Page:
In 2015 I was invited to participate in the arts festival at Shankill Castle
in Kilkenny, Ireland. The castle was originally a butler tower-house near the ruins of an old church that was rebuilt in the 1700s. I was offered the conservatory, a more "recent" addition from the 1800s, as the installation site.
I was so excited at the prospect of flinging sacks of spices on the rarefied walls of a castle. After all, the history of the spice trade and the creation of curry powder is the history of empire. In Europe, during the middle ages, spices signified unprecedented wealth. Empire was driven by a desire for these rare commodities. But what we, in the West, recognize today as "curry" is also associated with immigration, working class peoples, and neighborhoods. Over the years I have used spices to trace my own migration in relationship to global history
In Ireland I learned of the brutal history of 800 years of direct English rule. There is deep international solidarity with other freedom movements including Indian independence where my grandfather was a Freedom Fighter. The "potato famine" was actually an Irish genocide. While millions were dying during this famine, England was exporting food from the island. The population of Ireland dropped from 8 million to 4.4 million due to death and emigration. To this day, the population remains at 4.7 million and emigration is still headline news.
When I asked about recent immigration to Ireland and the European Union one person told me, "It's complicated, but the Irish also know what it means to leave." I was surprised to find that the small town of Kilkenny had two Asian grocery stores - Shortis Wong Deli, named after the Irish and Singaporean couple who opened the shop many years ago, and the newly opened Kilkenny Halal Foods. When I asked the young cashier about Asian immigration to this rural part of the country he smiled and said, "You'd be surprised how many of us there are."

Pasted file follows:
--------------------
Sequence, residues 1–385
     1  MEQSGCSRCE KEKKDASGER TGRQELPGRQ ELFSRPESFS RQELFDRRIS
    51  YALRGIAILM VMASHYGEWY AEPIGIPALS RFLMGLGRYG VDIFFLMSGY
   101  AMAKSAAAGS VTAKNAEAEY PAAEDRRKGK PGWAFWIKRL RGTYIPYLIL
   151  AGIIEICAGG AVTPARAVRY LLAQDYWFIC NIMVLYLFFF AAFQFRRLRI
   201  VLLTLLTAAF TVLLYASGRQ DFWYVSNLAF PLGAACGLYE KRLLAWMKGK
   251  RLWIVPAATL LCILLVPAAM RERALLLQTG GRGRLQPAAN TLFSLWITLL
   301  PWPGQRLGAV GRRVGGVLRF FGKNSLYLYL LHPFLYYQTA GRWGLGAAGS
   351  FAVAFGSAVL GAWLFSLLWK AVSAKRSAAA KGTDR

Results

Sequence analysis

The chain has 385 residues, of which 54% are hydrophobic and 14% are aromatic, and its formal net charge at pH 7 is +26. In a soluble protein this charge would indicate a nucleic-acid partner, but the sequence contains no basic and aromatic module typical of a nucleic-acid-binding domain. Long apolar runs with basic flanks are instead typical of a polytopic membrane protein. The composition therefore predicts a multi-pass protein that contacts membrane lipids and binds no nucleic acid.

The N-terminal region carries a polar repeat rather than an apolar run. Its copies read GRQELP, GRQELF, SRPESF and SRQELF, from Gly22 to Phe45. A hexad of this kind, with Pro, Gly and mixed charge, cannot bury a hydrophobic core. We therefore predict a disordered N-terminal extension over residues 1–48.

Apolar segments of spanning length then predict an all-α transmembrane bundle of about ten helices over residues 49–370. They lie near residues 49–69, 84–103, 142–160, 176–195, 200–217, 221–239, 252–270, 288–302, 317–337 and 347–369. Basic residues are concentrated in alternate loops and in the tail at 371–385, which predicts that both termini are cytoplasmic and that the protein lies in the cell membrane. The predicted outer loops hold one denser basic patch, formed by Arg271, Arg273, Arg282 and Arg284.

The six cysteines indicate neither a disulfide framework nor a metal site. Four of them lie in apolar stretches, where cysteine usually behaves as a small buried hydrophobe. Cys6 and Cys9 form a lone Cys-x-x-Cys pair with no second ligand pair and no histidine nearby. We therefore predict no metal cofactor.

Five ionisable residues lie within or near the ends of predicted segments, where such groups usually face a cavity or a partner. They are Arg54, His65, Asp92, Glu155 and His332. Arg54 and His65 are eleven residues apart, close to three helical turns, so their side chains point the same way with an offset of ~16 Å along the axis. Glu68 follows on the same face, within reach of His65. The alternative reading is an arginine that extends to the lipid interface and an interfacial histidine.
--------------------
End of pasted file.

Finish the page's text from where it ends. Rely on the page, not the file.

There is curry, and there are South Asian dishes made with blends of spices. I was surprised to discover that the nearest restaurant to the castle was a curry takeaway catering to Irish residents. Kilkenny Halal, on the other hand, serves recent South Asian immigrants with aisles of spices and other ingredients. Both places offered a taste of comfort and familiarity.
The Copes joked that it must have been a curried ghost that brought me to the castle conservatory. Before I had arrived with my bags of spices, the family used the conservatory to enjoy curry takeaway on rare, sunny Irish evenings.
To Curry Favor
Shankill Castle, Co. Kilkenny, Ireland
Turmeric, Cumin, Coriander, Garam masala, and Chili Powder from Kilkenny Halal and Shortis Wong.
Many thanks to:
Sybil Cope and the Cope family for their hospitality and generosity
Audio editor - Kyana Moghadam
Installation assistance - Victor Chavez